PassageMaker July - August 2017

PassageMaker Magazine (PMM) is the market leader covering the boats, people, gear, and destinations for the trawler and cruising-under-power lifestyle. Over the years it has evolved to connect the marine industry to consumers through print, digital, online, and in-person brands (Trawler Fest, Trawler Fest University, and Trawler Port)

United States
Active Interest Media
8 期號


2 分鐘
surf’s up

We invite you to explore the new and vastly improved PassageMaker website. Our team has taken to heart many of the kind yet constructive criticism we’ve collected from readers over the years—including a fair bit of our own—and assembled a website that addresses those concerns and more. “Your type is too small!” “I shouldn’t have to scroll a quarter-mile to view ten images in a photo gallery!” “Your site is frustrating on phones and tablets!” These are but a few of the issues we have addressed in order to provide an improved and outstanding experience for our loyal readers. For those of you that happen upon us for the first time via internet searches or from friends who share links to our stories and videos, you’ll never know the pain of the trailblazers…

5 分鐘
aspen embarks on 10,000-mile tour

The Aspen C120, Knot Wafflen’, is ready to begin an epic journey with her new owners, David and Sue Ellen Jenkins. With the help of Aspen owner Larry Graf and the expertise of the couple’s brother-in-law, Blake Eder (who will serve as captain), the Jenkins have planned to take their boat from Anacortes, Washington, to Alaska, and then down to the Sea of Cortez. At that point, the boat will be loaded onto a trailer, and trucked eastward to launch once more in the Gulf of Mexico. The final leg will take Knot Wafflen’ to Annapolis, Maryland, via the Gulf Coast of Florida and the Bahamas. The Jenkins have decided to go big, to say the least, for their first significant cruise and delivery of this 40-foot powercat. They are calling…

7 分鐘
what’s the deal with stainless steel?

More than 400 years ago, Sheffield, England, became renowned for its steel-working, fine cutlery, and swords. Over the decades and centuries, local artisans continued to refine the process of converting iron ore into workable alloys. In the early 1900s, a research lab in Sheffield worked on finding ways to eliminate rust in gun barrels. The head of the laboratory happened to notice that, unlike the other samples, a discarded sample from a previous test had not rusted yet. They quickly determined that by adding chromium to the steel alloy the metal could be made far more resistant to rusting than ever. Two months later, in the summer of 1912, they produced a stainless steel casting for the first time. Initially they called it “rustless steel” but for marketing reasons, soon…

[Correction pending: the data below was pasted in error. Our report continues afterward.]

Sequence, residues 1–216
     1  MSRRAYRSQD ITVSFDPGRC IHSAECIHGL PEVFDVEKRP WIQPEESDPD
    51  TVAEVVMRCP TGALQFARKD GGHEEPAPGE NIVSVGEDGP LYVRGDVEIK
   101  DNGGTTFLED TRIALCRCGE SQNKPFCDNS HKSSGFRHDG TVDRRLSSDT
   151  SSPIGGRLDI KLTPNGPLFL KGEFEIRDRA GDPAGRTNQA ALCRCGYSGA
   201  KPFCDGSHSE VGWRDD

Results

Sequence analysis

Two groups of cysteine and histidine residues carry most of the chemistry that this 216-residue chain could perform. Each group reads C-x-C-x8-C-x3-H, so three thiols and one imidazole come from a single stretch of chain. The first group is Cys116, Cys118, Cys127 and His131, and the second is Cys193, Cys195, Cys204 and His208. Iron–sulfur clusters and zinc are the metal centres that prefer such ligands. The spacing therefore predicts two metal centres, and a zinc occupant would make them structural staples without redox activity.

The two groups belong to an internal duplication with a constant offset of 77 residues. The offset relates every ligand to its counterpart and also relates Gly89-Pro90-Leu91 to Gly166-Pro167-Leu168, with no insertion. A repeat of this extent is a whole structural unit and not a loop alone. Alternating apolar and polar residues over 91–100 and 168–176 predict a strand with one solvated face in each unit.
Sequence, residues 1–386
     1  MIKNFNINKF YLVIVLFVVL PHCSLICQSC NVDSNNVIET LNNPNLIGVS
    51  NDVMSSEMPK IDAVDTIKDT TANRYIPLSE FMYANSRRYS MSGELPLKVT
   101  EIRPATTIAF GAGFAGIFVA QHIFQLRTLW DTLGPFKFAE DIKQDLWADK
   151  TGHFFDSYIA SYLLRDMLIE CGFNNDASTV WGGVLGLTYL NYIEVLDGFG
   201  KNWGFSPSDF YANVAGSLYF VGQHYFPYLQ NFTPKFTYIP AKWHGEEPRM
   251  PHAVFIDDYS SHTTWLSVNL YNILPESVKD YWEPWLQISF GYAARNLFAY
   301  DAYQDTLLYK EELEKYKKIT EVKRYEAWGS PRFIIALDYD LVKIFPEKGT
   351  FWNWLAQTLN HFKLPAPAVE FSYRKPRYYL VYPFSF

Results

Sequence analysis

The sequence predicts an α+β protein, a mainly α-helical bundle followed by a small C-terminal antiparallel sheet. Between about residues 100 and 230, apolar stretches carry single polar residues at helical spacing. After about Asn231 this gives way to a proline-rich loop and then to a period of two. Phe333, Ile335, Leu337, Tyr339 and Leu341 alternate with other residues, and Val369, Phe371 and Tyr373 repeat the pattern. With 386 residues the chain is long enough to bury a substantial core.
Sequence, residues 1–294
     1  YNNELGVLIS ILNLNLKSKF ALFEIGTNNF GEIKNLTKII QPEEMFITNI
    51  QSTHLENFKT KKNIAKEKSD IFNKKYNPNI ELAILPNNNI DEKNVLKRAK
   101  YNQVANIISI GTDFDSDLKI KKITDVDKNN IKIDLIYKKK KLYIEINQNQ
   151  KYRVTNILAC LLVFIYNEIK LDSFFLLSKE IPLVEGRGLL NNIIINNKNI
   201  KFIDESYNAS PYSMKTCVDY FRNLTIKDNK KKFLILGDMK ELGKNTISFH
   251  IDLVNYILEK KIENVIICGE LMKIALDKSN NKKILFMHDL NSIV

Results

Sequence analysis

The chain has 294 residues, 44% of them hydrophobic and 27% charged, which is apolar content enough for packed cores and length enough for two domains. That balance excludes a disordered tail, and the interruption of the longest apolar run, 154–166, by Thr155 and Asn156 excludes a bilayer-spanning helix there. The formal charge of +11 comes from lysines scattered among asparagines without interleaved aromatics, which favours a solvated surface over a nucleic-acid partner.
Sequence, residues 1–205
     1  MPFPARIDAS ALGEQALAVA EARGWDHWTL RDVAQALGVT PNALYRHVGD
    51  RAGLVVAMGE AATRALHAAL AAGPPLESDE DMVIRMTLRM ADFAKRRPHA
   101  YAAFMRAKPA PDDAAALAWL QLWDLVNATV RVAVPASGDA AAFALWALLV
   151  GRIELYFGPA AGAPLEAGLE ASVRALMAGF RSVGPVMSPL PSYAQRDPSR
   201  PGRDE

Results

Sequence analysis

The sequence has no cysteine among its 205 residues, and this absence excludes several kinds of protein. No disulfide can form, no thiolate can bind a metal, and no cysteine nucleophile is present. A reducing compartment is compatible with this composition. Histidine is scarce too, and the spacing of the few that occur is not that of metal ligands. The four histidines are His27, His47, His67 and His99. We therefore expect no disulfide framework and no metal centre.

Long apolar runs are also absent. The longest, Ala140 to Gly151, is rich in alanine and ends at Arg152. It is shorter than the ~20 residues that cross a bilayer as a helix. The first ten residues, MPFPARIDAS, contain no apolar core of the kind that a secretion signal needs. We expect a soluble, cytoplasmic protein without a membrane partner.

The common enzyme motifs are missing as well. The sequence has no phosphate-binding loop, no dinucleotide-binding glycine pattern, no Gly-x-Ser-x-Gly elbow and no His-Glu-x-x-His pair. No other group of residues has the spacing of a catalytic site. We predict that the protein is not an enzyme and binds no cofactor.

2 分鐘
gear products

Switlik OPR Liferaft If you read PassageMaker regularly, chances are pretty good that you’re either an accomplished long-range cruiser, or you’re an aspiring longrange cruiser interested in serious coastal trips or transoceanic passages. Either way, a serious investment in safety gear should be configured into the cost of any boat purchase, and far too many boaters take this lightly. We’re not talking about properly sized and rated PFDs—because, duh— for this exercise, we’re talking about everything else: Personal locator beacons (PLBs), AIS-equipped man overboard devices, and satellite phones are just a few of the extras you could acquire to ensure, as best as possible, anyway, the long-term safety of you and your crew. The grim reality of pleasure boating is that sometimes it is far from pleasant, and there are moments for…

5 分鐘
bye, bye, birdie #4

Successful navigation is really just answering three simple questions: Where am I? Where am I going? How do I get there from here? Even when all of our navigation tools are operational, it is prudent to have three independent sources of navigation. For coastal navigation on a clear day, I would probably use Dead reckoning, visual and radar navigation; if fog took away my visuals, I’d probably add in GPS and a chart plotter. Dead reckoning will always be the cornerstone of my navigation under any condition because removed of all other navigational tools, dead reckoning can never be taken away from me. Dead reckoning is the cornerstone of all European-style navigation, and there are many different methods to go about it. All of the methods extrapolate our current position from a known position…

14 分鐘
tour de force

Among high-latitude junkies, the Russian icebreaker Kapitan Khlebnikov is a legend. Built in Finland in 1981, she has spent much of her working life taking intrepid travelers to the ends of the Earth. I join this venerable ship at Kangerlussuaq, in southwest Greenland, following a charter flight from Ottawa, Ontario. She has arrived here from Vladivostok, by way of northern Siberia, Svalbard, Iceland, and the east coast of Greenland. My fellow passengers are mostly inveterate travelers who seem to have visited every country imaginable. We number around 90, comprising 18 nationalities. Without question, the person who has traveled the farthest is Chris Hadfield, who has made several trips into space, commanding the International Space Station in 2013. Like most of those on board, I share a desire to visit remote and…